SG: The whole album is inescapably introspective and emotive, and at times quite sombre. What kind of headspace were you in while writing the album and how much of your own emotion have you poured into it?
Sei A: The album has a wide range of emotions for sure. Within making your own music there’s quite a lonely world that only you can really explore. It definitely feels like more of a personal record, and at times it certainly wasn’t easy to write - with the writing blocks that occur and the general headspace you’re in at that particular moment. There’s a lot of ups and downs and the writing blocks always come and go, but I always find that once the block has gone the next thing you make will be better than the last, and fresher, making it worth the wait even although dealing with the frustration. You’re right, the album has more of a sombre sense, but it also has a slight touch of euphoria, with a love song in there. So yeah, emotions are, and always will be important to my writing.
SG: Will Samson and Daudi Matsiko provide vocal highlights which really compliment the feel and flow of the album; how involved were you in the lyrical content? And do you think the vocals influence the instrumental tracks and vice versa?
Sei A: Lyrically, with the tracks on which they had collaborated, they wrote all their own words. I had previously worked with Daudi on an EP, which I released under a different name. That was released last year and was massively received so I wanted to expand on that and bring his talents to the album. The track he features on, ‘Exit’, towards the end the music really shows where I was at in terms of what I was listening to while writing the album, and his fragile subtle tones suited it perfectly.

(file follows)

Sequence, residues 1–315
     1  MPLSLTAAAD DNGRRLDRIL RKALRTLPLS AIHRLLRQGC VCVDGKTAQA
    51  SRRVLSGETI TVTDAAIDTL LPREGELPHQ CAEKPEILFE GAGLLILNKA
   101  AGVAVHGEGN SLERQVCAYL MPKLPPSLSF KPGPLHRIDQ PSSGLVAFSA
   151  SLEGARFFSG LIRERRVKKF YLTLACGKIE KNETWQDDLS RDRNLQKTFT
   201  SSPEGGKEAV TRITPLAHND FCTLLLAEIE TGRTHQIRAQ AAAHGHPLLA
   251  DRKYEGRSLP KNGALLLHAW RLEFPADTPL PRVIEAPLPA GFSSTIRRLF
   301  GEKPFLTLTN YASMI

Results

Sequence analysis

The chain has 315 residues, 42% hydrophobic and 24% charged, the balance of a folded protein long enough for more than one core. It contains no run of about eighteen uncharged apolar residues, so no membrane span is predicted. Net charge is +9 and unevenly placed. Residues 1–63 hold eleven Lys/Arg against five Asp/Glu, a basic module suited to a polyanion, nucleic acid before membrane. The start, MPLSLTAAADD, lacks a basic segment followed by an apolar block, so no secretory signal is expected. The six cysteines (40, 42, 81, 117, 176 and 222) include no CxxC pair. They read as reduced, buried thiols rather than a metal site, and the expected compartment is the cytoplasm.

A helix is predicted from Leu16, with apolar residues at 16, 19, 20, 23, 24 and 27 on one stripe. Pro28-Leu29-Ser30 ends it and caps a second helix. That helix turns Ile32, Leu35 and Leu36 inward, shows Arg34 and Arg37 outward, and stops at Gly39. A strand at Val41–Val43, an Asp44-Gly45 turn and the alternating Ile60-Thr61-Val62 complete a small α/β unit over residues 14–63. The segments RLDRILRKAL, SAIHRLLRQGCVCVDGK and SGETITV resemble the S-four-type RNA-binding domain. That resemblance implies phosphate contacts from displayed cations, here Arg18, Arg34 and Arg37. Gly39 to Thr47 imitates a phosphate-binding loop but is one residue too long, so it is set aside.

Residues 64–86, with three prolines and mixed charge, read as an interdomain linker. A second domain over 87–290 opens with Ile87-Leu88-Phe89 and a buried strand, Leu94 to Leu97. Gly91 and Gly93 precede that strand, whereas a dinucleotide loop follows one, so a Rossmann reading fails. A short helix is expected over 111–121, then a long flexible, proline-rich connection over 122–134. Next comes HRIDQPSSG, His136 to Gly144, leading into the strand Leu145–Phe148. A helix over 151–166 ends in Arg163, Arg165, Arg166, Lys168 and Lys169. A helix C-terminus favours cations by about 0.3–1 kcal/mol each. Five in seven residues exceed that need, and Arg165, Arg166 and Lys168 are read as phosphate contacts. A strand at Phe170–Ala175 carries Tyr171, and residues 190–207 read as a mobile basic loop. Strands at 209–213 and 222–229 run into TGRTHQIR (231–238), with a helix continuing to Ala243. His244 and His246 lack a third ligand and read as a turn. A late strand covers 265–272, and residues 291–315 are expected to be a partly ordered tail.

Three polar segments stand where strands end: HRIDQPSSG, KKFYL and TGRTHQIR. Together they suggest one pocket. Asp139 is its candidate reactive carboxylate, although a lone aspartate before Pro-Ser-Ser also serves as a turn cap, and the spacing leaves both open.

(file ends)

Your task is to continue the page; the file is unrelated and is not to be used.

With Will Samson, who features on three of the album tracks, I had been listening to his previous albums and we both were listening to a very similar genre of music and had been for years, so the collaboration with Will was very easy. Will expanded his vocal writing to also playing guitar and bass in parts of the tracks where he features, and for me, brought out some of the album’s highlights. All of this came together in complimenting the rest of the album even although he hadn’t heard any of the other tracks which were being compiled for it, so I kind of knew what would work in terms of being cohesive and would also work with the rest of the album.
SG: The production on ‘Space In Your Mind’ is just stunning – beautifully textured, hypnotic and melodic. Has this album allowed you to push yourself and realise new ambitions with your production?
Sei A: Completely. Will Samson produced beautiful soundscape guitar swells to work with along with the warmth of the bass pedal he was using, plus of course his vocals ranging between high and low. Originally, Will had sang only one verse then chorus so it was good in terms of production for me to then ask him to follow up with another verse to make the song sound and feel more complete. As a result of this, I was learning new production techniques in terms of structuring everything to make an actual song.